Frederick Douglass wrote his autobiography three times, but to protect the people who helped him run away from enslavement, he did not explain how he had managed to get away until the last version.
Douglass escaped from slavery in Baltimore, Maryland, in 1838. In his twenty years of life, he had had a series of enslavers, some harsher than others, and one who almost killed him. But by 1838, he was a skilled worker in the local shipyards, earning good money for his master and enjoying a measure of freedom, as well as protection. He had good friends in the area and had fallen in love with the woman who would become his wife.
It was enslavement, but within that existence, it was a pretty good position. His peers in the cotton fields of the Deep South were beaten like animals, their deaths by violence unremarkable. Douglass himself had come close to being "sold down the river"—a term that referred to the slave convoys that traveled down the Mississippi River from older, worn out lands in the East to fresh, raw lands in Mississippi and Louisiana—and he knew that being forced to labor on a plantation in the Deep South would kill him.
His relatively safe position would have been enough for a lot of people. They would have thanked God for their blessings and stayed put. In 1838, Frederick Douglass was no different than they were: an unknown slave, hoping to get through each day. Like them, he might have accepted his conditions and disappeared into the past, leaving the status quo unchanged.
But he refused.
His scheme for escaping to freedom was ridiculously easy. In the days of slavery, free black sailors carried documents with them to prove to southern authorities that they were free, so they could move from northern and foreign ports to southern ports without being detained. These were the days before photos, so officials described the man listed on the free papers as they saw him: his color, distinguishing marks, scars. Douglass worked in shipyards, and had met a sailor whose free papers might cover Douglass... if the white official who looked at them didn't look too closely. Risking his own freedom, that sailor lent Douglass his papers.
To escape from slavery, all Douglass had to do was board a train. That's it: he just had to step on a train. If he were lucky, and the railroad conductor didn't catch him, and no one recognized him and called him out, he could be free. But if he were caught, he would be sold down river, almost certainly to his death.
To me, Douglass's decision to step aboard that train is everything. How many of us would have taken that risk, especially knowing that even in the best case, success would mean trying to build a new life, far away from everyone we had ever known? Douglass's step was such a little one, such an easy one... except that it meant the difference between life and death, the difference between a forgotten, enslaved shipyard worker and the great Frederick Douglass, who went on to become a powerful voice for American liberty.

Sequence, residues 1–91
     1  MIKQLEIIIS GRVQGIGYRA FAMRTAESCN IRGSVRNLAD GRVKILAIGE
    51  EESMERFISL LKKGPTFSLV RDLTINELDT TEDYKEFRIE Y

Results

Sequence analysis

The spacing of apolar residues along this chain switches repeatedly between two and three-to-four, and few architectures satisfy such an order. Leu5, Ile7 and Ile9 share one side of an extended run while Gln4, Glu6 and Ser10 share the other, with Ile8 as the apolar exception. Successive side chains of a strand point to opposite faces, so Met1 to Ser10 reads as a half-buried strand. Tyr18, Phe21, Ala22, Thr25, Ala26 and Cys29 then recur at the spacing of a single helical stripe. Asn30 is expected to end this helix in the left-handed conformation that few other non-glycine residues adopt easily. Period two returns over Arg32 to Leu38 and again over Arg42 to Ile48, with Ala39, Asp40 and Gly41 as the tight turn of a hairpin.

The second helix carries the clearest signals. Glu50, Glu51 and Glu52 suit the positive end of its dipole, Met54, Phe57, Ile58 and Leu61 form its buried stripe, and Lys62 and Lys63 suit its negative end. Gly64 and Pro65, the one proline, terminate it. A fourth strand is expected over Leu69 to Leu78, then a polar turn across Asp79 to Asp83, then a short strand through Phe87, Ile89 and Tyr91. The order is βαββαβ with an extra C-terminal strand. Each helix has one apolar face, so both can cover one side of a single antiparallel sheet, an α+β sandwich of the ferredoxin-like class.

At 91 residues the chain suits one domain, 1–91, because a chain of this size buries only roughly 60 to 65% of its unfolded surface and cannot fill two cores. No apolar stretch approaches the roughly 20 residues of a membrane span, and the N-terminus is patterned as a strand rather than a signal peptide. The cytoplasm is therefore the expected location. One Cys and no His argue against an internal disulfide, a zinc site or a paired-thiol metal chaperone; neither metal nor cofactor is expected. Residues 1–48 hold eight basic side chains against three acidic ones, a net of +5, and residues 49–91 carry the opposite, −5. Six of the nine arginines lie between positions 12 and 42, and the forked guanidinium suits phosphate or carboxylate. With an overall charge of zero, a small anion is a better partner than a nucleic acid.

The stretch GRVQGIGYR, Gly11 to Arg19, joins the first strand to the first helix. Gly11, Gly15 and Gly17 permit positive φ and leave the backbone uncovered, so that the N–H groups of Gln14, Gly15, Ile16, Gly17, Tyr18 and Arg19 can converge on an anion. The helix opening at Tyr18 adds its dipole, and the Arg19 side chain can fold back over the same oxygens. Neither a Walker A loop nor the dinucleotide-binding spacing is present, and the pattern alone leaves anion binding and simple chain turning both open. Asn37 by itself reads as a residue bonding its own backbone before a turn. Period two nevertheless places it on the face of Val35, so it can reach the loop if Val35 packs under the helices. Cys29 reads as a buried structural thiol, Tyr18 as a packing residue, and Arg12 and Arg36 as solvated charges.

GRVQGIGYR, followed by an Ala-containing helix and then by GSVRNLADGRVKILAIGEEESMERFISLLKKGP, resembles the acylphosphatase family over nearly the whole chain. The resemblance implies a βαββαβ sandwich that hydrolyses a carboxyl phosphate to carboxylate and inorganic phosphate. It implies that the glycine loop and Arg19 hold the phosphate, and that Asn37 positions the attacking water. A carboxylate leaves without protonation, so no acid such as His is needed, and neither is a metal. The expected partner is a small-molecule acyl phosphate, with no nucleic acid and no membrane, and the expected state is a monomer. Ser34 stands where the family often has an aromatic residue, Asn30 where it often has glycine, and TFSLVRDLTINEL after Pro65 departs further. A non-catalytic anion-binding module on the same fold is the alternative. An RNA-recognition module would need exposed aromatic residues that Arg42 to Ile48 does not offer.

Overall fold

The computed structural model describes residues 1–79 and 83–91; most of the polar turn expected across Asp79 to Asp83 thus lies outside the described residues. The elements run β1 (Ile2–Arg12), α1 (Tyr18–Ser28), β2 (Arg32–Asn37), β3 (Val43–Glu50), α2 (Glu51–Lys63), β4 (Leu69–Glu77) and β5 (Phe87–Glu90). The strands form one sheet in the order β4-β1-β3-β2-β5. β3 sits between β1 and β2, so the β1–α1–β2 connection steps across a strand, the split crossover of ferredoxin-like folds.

Tomorrow, my students will graduate, and every year, students ask me if I have any advice for them as they leave college or university, advice I wish I had had at their age. The answer is yes, after all these years of living and of studying history, I have one piece of advice:
When the day comes that you have to choose between what is just good enough and what is right... find the courage to step on the train.
My gratitude to you, dear Prof. HCR, for having taken on so many extra students this past year. You have taught us, enriched us, made us dialogue and think again in ways that allowed us to experience the vim and vigor of youth, pride for our country and for an historical past that many of us had forgotten or were learning for the first time.
For all of the above, I thank you. But tonight, my thanks are even more profound. You validated the risk I took to leave my homeland on 24th December, 1979, and again, to pack everything, step on a plane, and say goodbye to my adopted European home in 1990. The years in-between, those spaces of unknowing and unknowns, have been fraught with joblessness, pennilessness, fear of failure, moving from abode to abode, losses of friends and the security of family -- worrying because I also put the lives of my two sons in jeopardy.
Tonight, I know that those gambles were were not for naught. Thank you!
It's been 9 months since I became aware of you and your writing. Most of those were the dark months of the last administration. Your writing was a beacon in a howling wilderness. So I suppose I didn't think anything could beat that. Till you wrote this.
I think we who survived the last gruesome 15 months—and all the days since Jan. 20th, 2017—are going to be a long time processing what all that's done to us and how we proceed. As I've emerged from Covid isolation that's felt monumental and overwhelming. Then a post like this comes along. It's like the brush of a mother's hand on a cheek. It's going to be ok. Not easy; work to be done. But we'll get there.